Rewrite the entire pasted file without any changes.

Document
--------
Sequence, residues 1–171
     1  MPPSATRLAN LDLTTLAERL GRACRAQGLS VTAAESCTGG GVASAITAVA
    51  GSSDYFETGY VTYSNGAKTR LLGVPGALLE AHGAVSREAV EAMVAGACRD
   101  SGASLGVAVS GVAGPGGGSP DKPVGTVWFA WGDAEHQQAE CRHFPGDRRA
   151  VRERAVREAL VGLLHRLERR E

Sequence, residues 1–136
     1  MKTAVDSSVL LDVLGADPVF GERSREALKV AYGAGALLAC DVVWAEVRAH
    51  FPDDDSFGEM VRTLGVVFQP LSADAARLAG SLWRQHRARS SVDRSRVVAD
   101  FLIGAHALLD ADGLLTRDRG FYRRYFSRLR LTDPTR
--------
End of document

Sequence, residues 1–171
     1  MPPSATRLAN LDLTTLAERL GRACRAQGLS VTAAESCTGG GVASAITAVA
    51  GSSDYFETGY VTYSNGAKTR LLGVPGALLE AHGAVSREAV EAMVAGACRD
   101  SGASLGVAVS GVAGPGGGSP DKPVGTVWFA WGDAEHQQAE CRHFPGDRRA
   151  VRERAVREAL VGLLHRLERR E

Sequence, residues 1–136
     1  MKTAVDSSVL LDVLGADPVF GERSREALKV AYGAGALLAC DVVWAEVRAH
    51  FPDDDSFGEM VRTLGVVFQP LSADAARLAG SLWRQHRARS SVDRSRVVAD
   101  FLIGAHALLD ADGLLTRDRG FYRRYFSRLR LTDPTR